Apple TV simple

The Apple TV set-top box hardware is expected to be updated this summer after 3 years since the last real refresh and a recent price drop from $99 to $69. While the last Apple TV upgrade boosted video output from 720p to 1080p, the rumored Apple TV 4 is not believed to support ultra high definition 4K video output featured on newer TV sets. Here’s why that’s no surprise and what I think it could mean for an actual Apple TV set:

Apple doesn’t do specs for the sake of specs. The iPhone has maintained an 8MP camera between several generations. The 8MP iSight camera debuted in 2011 with the iPhone 4S and remains on the newest iPhone 6 and iPhone 6 Plus. Our photos today are noticeably better than our shots from four years ago, however, as Apple has improved in other areas like low light image capture and faster focusing. It’s no surprise that Apple will maintain 1080p video output from its set-top box for at least another cycle.

Speaking of iPhones, the best iPhone camera (found on the iPhone 6 Plus) only supports 1080p video recording. Apple added 1080p video recording to the iPhone 4S in October 2011 before the Apple TV 3 added 1080p video output in March 2012. Nothing mandates that the iPhone must first support a video capture resolution before the Apple TV supports it, but it’s clear Apple sees 1080p video as good enough for most consumers for now. Samsung’s Galaxy S5, as a comparison, shipped UHD video capture last year. When the iPhone adds 4K video recording, I would then expect the Apple TV to add 4K playback. 4K UHDTVs haven’t taken over the living room yet, though, so I’m not holding my breath for either.


More important than at what resolution the iPhone can capture video is what resolution iTunes delivers movies and TV shows. Apple timed the release of the Apple TV 3 with 1080p video output with the upgrade to iTunes from distributing only 720p media to selling 1080p content. At the time it was widely considered as one of those finally updates as 1080p HDTVs were very common and relatively affordable. The next Apple TV launching with 4K video output would be nice in terms of future proofing the hardware and best presenting the UHD content that is available, but Apple hasn’t jumped on the 4K train just yet.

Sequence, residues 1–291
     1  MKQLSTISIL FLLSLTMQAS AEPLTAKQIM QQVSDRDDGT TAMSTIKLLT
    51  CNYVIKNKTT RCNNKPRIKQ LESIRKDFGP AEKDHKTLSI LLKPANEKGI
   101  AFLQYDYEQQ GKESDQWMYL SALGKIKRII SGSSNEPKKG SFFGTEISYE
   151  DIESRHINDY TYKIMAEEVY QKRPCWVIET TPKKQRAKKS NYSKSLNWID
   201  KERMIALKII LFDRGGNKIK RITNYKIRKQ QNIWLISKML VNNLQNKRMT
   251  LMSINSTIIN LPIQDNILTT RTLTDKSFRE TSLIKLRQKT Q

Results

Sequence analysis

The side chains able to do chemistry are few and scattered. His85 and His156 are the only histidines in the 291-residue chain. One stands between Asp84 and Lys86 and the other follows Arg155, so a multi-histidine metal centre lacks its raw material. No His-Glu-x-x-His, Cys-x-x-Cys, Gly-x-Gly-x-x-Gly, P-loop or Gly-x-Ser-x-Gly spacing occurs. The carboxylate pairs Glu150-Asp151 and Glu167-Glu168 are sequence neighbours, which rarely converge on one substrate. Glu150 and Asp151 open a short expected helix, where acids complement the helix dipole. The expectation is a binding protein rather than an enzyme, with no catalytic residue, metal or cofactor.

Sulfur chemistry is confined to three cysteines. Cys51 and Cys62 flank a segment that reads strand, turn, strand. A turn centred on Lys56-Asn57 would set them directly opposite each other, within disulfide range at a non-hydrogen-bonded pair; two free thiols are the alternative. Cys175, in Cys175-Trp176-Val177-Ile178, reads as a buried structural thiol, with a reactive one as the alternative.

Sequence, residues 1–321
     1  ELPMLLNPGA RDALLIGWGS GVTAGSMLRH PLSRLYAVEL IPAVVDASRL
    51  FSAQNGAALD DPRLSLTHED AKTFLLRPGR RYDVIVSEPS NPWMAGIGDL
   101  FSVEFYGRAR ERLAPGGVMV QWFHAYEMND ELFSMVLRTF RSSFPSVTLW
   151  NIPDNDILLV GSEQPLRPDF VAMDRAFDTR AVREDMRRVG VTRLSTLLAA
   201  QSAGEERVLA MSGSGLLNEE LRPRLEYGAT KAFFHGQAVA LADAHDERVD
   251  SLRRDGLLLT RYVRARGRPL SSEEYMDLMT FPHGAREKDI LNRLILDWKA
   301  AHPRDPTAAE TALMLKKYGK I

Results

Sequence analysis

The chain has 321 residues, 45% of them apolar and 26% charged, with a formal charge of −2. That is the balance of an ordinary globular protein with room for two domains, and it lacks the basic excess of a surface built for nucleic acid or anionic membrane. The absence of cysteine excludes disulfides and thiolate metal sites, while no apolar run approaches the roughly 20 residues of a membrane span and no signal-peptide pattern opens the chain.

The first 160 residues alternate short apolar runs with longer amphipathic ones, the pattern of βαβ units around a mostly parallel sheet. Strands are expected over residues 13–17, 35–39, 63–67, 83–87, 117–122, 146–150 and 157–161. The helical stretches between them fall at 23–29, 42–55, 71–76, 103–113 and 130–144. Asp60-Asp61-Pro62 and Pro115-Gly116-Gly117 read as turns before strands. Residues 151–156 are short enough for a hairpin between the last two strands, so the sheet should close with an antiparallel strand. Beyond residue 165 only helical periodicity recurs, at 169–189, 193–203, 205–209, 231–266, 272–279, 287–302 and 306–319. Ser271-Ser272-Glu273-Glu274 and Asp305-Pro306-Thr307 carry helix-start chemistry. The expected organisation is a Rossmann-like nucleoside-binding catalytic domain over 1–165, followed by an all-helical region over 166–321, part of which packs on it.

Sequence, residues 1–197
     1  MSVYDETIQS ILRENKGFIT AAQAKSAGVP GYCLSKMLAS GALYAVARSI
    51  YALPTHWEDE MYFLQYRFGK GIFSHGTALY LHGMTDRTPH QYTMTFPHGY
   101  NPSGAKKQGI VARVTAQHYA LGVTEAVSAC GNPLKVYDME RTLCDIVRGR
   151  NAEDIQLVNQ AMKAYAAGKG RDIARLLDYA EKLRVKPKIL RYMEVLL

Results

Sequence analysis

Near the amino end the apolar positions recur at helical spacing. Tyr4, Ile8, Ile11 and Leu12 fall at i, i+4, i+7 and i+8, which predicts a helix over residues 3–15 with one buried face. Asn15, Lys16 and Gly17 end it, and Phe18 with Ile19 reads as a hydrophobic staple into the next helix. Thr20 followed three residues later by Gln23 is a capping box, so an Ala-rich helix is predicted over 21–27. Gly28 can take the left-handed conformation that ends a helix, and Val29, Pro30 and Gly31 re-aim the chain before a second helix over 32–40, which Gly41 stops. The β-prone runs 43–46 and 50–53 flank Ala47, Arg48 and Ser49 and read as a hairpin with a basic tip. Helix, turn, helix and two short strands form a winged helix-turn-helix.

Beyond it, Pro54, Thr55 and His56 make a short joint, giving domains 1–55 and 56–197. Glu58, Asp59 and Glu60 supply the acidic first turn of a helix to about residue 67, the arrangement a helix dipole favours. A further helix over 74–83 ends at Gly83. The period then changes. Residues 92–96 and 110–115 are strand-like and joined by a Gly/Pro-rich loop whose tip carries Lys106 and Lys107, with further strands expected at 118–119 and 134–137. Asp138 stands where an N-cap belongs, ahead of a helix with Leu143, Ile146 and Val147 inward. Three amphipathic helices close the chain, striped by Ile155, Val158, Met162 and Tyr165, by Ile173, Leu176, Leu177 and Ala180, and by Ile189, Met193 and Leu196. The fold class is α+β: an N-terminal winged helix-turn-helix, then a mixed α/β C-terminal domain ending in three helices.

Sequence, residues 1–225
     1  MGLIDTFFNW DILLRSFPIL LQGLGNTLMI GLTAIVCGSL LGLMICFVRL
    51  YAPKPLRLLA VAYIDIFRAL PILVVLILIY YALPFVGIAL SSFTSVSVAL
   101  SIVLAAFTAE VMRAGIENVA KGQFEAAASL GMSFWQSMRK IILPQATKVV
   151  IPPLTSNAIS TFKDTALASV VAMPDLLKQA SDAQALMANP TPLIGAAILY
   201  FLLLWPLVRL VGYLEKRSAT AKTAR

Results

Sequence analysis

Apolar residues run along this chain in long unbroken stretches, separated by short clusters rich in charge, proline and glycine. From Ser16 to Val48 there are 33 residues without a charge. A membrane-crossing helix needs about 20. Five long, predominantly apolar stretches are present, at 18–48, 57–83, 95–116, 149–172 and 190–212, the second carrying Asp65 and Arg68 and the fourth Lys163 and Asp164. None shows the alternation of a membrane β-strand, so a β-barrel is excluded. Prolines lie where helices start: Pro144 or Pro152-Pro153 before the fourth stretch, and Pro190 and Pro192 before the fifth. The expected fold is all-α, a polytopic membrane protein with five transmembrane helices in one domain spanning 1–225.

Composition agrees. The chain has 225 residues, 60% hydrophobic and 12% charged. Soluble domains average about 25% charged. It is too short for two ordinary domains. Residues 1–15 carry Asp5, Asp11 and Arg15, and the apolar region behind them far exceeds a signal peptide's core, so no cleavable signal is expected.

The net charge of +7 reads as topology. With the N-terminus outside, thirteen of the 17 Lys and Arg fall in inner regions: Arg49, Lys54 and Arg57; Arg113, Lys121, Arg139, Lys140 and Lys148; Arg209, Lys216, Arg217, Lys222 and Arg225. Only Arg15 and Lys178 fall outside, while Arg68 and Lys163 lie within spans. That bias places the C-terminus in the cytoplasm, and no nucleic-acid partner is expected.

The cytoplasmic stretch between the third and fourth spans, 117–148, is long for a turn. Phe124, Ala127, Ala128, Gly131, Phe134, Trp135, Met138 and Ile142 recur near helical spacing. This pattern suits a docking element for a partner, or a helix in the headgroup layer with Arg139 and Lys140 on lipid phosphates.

Aside from iTunes, there’s also the rumored $30-$40 Web TV subscription service to consider. Even if Apple did begin offering a limited number of 4K movies and TV shows on iTunes, the rumored Web TV service would contrast as less premium. It might sit okay with consumers that content you buy is better quality resolution than content you access through a subscription, but the messaging would be muddled if the Web TV service is not 4K but is marketed next to a 4K set-top box.

Apple TV products

If the next Apple TV did support 4K video output, what content could you actually watch? Netflix offers a limited collection of 4K media and it’s not hard to find excellent 4K footage on YouTube. Even if 4K content was more widely available and everyone had a UHDTV in the living room, the Apple TV’s support for 4K would be surprising without iTunes being a player.

Apple gave away upgrades from 720p to 1080p when iTunes started selling Full HD movies and TV shows. Will Apple do the same when 4K becomes available through iTunes? Even if so, Apple will want to position 4K content on iTunes as a premium media option. Giving 4K content away for free first through YouTube, a Google-owned service, would not make that pitch.

Finally, there’s the obvious reason cited in the report that the Apple TV 4 won’t be the Apple TV 4K: not enough people have UHDTVs for hardware that supports 4K video output to be warranted. Apple was late to the 1080p party, it won’t be early to the 4K affair.


Retina 5K iMac

Running with this idea, it’s not hard to imagine that Apple could be saving 4K adoption for its own UHDTV, not the set-top box (which is not a completely new idea). Ignoring whether or not Apple should enter the actual TV set business, Apple could use the transition from 1080p to 4K as a compelling upgrade reason. The upgrade from 720p to 1080p for most people was not dramatic and 3D was a flop.

4K could be a reason to actually update your TV set to an actual Apple TV, not just add a new Apple TV set-top box. Saving 4K support for the TV set (maybe even with some Retina marketing similar to iPhones, iPads, Macs, and the Apple Watch) would be fitting.

Looking at the Apple TV’s past update path and the current ecosystem of iOS devices and services, it’s no surprise that the next Apple TV won’t support 4K. Still, 4K adoption will remain an opportunity for future versions of the Apple TV and Apple’s iTunes Store. Could 4K be justification for Apple selling the whole TV set rather than just the box you connect in the future?

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About the Author

Zac Hall

Zac covers Apple news, hosts the 9to5Mac Happy Hour podcast, and created